How Google Became the World’s Largest Corporate Purchaser of Renewable Energy

renewable energy
Google is leading the clean-energy revolution like no other company. It has invested in 22 renewable energy projects to date. In fact, Google is the biggest corporate purchaser globally of renewable energy, with a hand in utility-scale wind and solar projects that span the globe. Google has a goal to power 100 percent of its operations from renewable energy, and it is well on its way.

“We’re really trying to lead this transition to a cleaner energy economy,” said Michael Terrell, principal for energy and infrastructure at Google. “It’s transforming anyone who touches the energy space. It’s not just about data centers or tech companies.”

The Google approach to renewable energy is not unlike how many utilities purchase power. It often enters into power purchase agreements: long-term financial agreements, typically with wind farms, to buy power. The projects that Google has been involved with span the globe, including in Sweden, Iowa, Oklahoma and California, along with a recent $12 million investment in the largest solar energy project in South Africa.

Google announced a few months ago that it will also invest $12 million in Lake Turkana Wind Power Project in Kenya, which will be the largest wind project in the continent upon completion and Google’s second major renewable energy investment in Africa. The project helps Kenya reach its goal of increasing its grid capacity by 5 gigawatts in 10 years for greater energy independence, and it’s expected to save the country $113 million annually in imported fuel costs. The Lake Turkana Wind Farm is the largest single private investment project in Kenya’s history. Google is truly making monumental shifts in how it is investing and spending its money.

Although there has been a flurry of renewable energy project announcements recently by Google, its commitment to renewable energy is not new. It installed the largest corporate solar panel installation of its kind (1.7 megawatts) in 2007 at its Mountain View, California, campus. In addition, Google also operates a 990-kilowatt cogeneration unit powered by local landfill gas to produce heat and electricity for its corporate campus.

Google states it has two criteria for bringing pilot programs to its campus: It must make good business sense and have long-term potential to transform the industry.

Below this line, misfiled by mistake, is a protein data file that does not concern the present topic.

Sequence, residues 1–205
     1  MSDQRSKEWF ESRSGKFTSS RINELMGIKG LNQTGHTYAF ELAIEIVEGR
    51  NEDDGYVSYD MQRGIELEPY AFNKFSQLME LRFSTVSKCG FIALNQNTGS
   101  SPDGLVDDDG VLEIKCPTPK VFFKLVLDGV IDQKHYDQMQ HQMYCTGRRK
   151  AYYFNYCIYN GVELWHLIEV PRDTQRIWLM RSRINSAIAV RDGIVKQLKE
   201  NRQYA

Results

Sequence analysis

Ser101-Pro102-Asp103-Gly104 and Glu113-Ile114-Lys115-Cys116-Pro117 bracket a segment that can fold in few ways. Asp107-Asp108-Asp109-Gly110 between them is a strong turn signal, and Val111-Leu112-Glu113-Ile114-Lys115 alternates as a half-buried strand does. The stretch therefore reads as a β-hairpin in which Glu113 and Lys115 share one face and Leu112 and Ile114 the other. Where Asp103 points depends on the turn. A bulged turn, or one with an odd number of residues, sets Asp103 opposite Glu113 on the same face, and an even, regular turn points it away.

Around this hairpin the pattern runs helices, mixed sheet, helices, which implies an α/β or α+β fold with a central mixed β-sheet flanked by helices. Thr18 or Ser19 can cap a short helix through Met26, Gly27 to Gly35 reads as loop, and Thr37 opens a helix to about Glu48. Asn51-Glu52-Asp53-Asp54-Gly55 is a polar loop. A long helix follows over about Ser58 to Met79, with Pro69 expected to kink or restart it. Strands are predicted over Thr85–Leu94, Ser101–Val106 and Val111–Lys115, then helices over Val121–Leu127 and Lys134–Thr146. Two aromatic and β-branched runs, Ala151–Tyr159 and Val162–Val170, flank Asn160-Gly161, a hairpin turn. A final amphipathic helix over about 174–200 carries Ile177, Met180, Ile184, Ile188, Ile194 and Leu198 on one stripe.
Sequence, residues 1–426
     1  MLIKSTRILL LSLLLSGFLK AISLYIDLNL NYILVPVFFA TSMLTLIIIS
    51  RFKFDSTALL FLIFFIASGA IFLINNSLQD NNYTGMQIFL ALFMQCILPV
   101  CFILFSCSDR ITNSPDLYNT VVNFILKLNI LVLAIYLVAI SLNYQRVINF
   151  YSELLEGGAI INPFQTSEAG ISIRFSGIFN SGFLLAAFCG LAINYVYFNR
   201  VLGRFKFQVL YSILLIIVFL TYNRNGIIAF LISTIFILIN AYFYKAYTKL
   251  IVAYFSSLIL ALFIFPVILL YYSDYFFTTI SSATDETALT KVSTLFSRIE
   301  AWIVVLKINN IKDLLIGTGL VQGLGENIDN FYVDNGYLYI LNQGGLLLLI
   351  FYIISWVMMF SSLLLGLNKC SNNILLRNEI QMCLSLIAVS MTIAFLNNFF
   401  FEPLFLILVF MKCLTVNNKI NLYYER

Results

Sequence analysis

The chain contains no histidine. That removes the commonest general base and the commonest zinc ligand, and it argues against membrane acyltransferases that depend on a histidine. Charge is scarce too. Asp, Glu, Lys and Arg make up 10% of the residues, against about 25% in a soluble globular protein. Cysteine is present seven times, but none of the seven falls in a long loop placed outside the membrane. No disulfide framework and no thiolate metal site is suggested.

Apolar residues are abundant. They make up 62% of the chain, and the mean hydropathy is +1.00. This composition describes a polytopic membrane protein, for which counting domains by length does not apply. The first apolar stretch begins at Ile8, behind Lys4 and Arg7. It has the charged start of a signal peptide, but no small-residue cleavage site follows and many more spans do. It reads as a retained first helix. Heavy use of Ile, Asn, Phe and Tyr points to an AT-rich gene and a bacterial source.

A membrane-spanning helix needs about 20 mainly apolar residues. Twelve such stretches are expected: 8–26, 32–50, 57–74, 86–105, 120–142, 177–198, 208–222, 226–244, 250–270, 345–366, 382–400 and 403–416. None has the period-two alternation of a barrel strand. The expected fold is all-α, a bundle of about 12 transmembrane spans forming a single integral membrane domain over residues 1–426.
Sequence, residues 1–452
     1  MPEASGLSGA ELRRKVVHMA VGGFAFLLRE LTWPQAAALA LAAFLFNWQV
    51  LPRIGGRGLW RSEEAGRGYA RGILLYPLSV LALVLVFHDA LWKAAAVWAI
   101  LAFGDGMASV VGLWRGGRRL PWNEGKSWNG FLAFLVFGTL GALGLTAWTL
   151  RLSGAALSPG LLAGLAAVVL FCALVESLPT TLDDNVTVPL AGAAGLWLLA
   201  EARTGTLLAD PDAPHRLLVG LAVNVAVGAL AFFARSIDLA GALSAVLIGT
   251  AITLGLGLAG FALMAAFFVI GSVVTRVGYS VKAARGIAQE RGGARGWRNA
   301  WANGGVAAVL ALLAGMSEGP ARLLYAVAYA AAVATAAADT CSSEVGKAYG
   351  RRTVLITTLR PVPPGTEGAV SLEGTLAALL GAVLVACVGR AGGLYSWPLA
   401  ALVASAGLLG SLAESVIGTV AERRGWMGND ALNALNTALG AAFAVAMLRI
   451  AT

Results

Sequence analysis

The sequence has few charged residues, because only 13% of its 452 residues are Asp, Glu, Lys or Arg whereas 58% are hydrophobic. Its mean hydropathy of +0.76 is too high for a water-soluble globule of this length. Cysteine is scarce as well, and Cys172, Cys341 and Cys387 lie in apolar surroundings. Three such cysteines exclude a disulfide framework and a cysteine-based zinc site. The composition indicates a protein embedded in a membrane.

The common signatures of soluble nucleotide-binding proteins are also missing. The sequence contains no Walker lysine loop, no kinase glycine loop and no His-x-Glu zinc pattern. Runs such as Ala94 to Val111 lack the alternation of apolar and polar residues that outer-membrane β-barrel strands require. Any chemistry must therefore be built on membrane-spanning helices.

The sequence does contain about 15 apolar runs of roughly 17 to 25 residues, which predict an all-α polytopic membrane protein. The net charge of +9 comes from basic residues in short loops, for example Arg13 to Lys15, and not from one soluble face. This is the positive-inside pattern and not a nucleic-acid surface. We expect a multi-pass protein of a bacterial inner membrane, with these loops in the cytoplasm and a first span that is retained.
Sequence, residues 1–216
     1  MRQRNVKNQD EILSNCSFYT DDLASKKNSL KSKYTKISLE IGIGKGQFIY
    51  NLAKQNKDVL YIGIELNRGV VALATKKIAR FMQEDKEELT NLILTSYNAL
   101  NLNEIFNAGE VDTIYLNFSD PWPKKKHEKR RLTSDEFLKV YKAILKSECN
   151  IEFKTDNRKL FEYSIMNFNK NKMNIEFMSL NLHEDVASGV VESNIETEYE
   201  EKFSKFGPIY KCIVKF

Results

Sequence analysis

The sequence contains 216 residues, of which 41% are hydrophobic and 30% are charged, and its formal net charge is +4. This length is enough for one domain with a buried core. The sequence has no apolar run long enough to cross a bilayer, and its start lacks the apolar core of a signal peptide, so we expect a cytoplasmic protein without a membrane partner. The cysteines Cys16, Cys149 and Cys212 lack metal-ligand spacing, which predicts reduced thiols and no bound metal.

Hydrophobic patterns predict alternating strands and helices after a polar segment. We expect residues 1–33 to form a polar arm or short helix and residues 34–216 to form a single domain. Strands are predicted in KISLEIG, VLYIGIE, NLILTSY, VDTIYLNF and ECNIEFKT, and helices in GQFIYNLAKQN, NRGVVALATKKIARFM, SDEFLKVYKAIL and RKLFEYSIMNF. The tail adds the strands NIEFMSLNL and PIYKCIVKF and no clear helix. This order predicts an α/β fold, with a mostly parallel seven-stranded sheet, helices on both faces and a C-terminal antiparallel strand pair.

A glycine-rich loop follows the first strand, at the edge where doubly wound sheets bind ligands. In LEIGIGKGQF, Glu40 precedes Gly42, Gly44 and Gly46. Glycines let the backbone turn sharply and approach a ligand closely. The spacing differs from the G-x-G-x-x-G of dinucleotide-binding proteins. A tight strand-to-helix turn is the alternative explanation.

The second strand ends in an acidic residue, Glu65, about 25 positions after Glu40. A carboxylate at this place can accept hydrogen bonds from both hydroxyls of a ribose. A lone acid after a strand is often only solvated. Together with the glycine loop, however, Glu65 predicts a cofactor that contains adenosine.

Google certainly isn’t the first company to make corporate purchases of renewable energy, but it is certainly the largest. Hewlett-Packard, Kaiser Permanente, Bloomberg, Dow Chemical and Amazon Web Services have all made recent announcements.

Google is even testing solar-powered drones in an effort to beam 5G Internet from these drones, using millimeter waves to transmit data. Project Sunbender has the potential to transmit iInternet from space, with speeds 40 time faster than 4G technology.

Although Google’s commitment to renewable energy has certainly boosted brand equity for the company, it can have its hiccups. Google needs to operate data centers, which require a significant amount of electricity and operate around the clock. It has claimed that its data centers run on 100 percent renewable energy since 2012. But a recent study by Lux Research shows that data centers use a lot of electricity generated from coal, debunking clean-energy claims by Google, Amazon, Apple and other companies.

“They aren’t doing as much as they claim about sourcing their electricity,” said Ory Zik, Lux vice president of analytics.

All the renewable energy announcements leave me wondering why Google has such a strong commitment to renewables. The energy-intensive nature of its service makes it logical that the company would put effort into greener solutions. It is one of the simplest and most effective ways to make its operations more sustainable. Renewable energy also fits well with the Google brand, which is firmly rooted in innovation.

Image Credit: Flickr/naql

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Sarah Lozanova is a green copywriter and communications professional specializing in renewable energy and clean technology. She is regular contributor to environmental and energy publications and websites, including Mother Earth Living, Triple Pundit, Home Power, Earth911, and Green Builder. Her experience includes work with small-scale solar energy installations and utility-scale wind farms. She earned an MBA in sustainable management from the Presidio Graduate School and she resides in Belfast Cohousing & Ecovillage in Midcoast Maine with her husband and two children.

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